Advertise with us!

Legatus Magazine

Brian Fraga | author
Feb 01, 2020
Filed under Chaplains

For new Miami chaplain, it was an easy transition

“Business leaders need to have something in their life that reminds them to be faithful to the Lord.”

Father Richard Vigoa, 49, a priest of the Archdiocese of Miami, is the chaplain of Legatus’ Miami Chapter, set to charter this month.

Father Vigoa, parish administrator of St. Augustine Church and Catholic Student Center in Coral Gables, Fla., was ordained in 2008. For nine years, he served as the priest-secretary for Archbishop Thomas Wenski of Miami. In a recent interview with Legatus magazine, he described himself as a “workaholic” who probably doesn’t take as much time off as he should.

How old were you when you first thought of becoming a priest?

It was my pastor who first said something to me when I was age nine: “I think you should be a priest.” At the time, I told him, “No way, Father. I don’t want to be a priest. No offense.” But that kind of stuck in my mind. What did he see in me that he saw the potential of the priesthood?

When did you start discerning the priesthood?

It wasn’t until college. I was dating a young girl. I was even thinking about marriage. That didn’t work out, but I was very involved in my parish. Again, the pastor of that church told me, “You know, you have a vocation to the priesthood. Have you ever thought about being a priest?” I called the archdiocese and asked them if there was a day when I could visit the seminary. They told me to come by that weekend. So I made a pledge to the Lord: “I’ll give you one year. If I’m not happy after one year, then I’m outta here.” And I can honestly say, from Day 1, it felt like I was home. It was right for me, and it was where I was supposed to be. As they say, the rest is history.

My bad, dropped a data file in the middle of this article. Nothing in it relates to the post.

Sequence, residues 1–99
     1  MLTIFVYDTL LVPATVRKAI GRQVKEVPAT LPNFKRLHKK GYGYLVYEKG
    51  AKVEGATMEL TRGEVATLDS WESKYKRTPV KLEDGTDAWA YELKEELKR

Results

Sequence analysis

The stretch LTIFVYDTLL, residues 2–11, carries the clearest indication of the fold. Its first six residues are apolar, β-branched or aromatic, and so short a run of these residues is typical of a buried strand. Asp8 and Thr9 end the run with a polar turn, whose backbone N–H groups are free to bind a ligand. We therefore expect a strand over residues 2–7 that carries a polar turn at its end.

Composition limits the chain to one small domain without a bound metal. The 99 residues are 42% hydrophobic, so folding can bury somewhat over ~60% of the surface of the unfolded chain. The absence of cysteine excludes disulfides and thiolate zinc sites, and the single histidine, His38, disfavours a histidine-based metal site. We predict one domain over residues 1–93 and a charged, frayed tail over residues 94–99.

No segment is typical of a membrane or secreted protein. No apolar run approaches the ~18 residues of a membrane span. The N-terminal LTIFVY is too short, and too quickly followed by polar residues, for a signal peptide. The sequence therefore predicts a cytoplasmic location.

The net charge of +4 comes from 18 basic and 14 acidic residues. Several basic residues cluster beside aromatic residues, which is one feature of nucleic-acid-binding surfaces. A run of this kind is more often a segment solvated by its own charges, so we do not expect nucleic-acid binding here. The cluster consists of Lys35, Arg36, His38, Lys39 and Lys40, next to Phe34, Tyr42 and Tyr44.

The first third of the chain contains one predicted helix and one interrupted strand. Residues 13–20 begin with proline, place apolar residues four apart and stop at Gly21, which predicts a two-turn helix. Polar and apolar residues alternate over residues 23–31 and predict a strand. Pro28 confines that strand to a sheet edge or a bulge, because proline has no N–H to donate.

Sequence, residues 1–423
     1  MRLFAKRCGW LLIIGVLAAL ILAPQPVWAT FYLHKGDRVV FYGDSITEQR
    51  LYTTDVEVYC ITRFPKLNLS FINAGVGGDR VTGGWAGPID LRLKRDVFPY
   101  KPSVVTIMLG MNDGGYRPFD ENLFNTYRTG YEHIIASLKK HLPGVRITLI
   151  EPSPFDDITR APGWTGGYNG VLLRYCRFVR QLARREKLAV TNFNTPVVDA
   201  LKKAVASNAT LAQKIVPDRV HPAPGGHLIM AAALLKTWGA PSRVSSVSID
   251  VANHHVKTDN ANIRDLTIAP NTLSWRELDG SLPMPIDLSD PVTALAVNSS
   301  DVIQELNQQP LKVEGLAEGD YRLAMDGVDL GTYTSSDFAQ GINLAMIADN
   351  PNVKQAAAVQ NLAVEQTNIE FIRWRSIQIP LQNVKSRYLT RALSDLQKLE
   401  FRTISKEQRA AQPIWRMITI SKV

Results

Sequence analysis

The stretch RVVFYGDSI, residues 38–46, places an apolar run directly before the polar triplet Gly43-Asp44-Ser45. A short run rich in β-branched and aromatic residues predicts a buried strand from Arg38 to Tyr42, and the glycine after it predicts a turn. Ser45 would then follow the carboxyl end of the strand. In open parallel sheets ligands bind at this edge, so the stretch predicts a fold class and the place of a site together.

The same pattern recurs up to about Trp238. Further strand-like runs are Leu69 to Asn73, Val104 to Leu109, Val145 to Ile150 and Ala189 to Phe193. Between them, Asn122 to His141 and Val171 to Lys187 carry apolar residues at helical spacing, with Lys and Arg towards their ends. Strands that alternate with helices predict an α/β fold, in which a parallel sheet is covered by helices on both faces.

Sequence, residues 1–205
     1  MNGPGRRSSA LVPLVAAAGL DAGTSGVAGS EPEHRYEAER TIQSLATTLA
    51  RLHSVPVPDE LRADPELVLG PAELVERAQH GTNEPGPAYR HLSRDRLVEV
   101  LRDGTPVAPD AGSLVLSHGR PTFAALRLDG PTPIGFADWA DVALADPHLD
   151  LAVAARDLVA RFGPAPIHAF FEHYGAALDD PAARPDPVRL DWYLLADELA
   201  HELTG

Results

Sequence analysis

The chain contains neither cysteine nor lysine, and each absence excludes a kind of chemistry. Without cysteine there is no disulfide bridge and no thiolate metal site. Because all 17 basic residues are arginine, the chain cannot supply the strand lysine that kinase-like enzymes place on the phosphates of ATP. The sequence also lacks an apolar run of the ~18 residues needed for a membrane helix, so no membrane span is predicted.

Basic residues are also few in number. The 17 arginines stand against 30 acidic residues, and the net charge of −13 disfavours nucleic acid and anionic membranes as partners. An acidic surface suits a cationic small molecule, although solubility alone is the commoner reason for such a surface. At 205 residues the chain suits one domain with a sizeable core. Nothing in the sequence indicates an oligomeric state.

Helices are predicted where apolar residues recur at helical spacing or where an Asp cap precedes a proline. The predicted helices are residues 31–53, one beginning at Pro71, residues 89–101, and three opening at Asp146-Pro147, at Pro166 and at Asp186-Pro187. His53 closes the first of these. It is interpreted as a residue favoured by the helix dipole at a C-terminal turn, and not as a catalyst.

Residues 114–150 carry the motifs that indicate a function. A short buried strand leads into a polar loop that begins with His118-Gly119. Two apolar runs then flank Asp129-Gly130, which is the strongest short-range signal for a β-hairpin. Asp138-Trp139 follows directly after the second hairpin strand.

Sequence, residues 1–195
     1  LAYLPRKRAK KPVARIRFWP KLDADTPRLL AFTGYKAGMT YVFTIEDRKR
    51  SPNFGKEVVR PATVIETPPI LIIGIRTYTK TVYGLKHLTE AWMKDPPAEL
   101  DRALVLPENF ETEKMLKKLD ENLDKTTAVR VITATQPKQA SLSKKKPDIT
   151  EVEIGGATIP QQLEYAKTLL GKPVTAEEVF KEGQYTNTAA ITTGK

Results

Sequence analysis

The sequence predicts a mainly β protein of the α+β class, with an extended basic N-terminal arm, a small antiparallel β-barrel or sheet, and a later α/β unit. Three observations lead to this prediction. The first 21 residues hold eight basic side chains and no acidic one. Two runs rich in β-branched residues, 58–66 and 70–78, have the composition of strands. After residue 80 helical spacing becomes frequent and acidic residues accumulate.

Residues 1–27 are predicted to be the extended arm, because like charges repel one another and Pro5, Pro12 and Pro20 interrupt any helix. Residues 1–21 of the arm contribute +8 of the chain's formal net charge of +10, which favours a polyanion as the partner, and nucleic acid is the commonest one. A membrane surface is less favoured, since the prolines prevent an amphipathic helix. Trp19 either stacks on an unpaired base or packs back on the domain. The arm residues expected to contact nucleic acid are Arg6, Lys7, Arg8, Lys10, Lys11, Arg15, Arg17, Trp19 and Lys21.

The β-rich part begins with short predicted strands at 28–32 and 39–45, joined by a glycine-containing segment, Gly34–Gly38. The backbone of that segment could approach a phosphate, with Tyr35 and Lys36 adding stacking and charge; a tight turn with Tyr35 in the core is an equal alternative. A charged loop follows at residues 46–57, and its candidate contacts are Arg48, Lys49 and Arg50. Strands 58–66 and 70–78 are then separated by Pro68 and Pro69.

How did you get acquainted with Legatus?

I was the priest-secretary for the archbishop of Miami for almost nine years. I was in my office one day this past September, and I received a letter from him saying, “I have appointed you to be the chaplain of Legatus.” We had talked about Legatus a lot. And, being his secretary, I was kind of aware of what was happening with Legatus in Miami.

What have been your initial impressions of Legatus?

I was already aware of some of the bigger donors here in the archdiocese. So for me it was easy to go into the role because I knew a lot of those people already. Also, a lot of my parishioners were either in the chapter or were interested in joining, so it’s very easy to slide into the role of chaplain.

What value do you see an organization like Legatus having for the Church?

Leaders, specifically business leaders, need to have something in their life that reminds them to be faithful to the Lord, to stay committed to holiness, and to continue to encourage, motivate, and engage others to know Christ better. If we can get the leaders in our community to be strong in their faith, that’s only going to make society better. It’s going to change culture, and it’s going to help the businesses they run to be effective and for the kingdom of God.

Who are your spiritual heroes?

Right now I’m writing a book on Bishop Fulton Sheen, on how he was the precursor to the New Evangelization. Pope St. John Paul II called him an apostle of the New Evangelization. There is no one who did it better in the 1950s than Fulton Sheen.


Leave a Reply

More Chaplains Articles

More in Chaplains
North Georgia chaplain had stunning call to religious life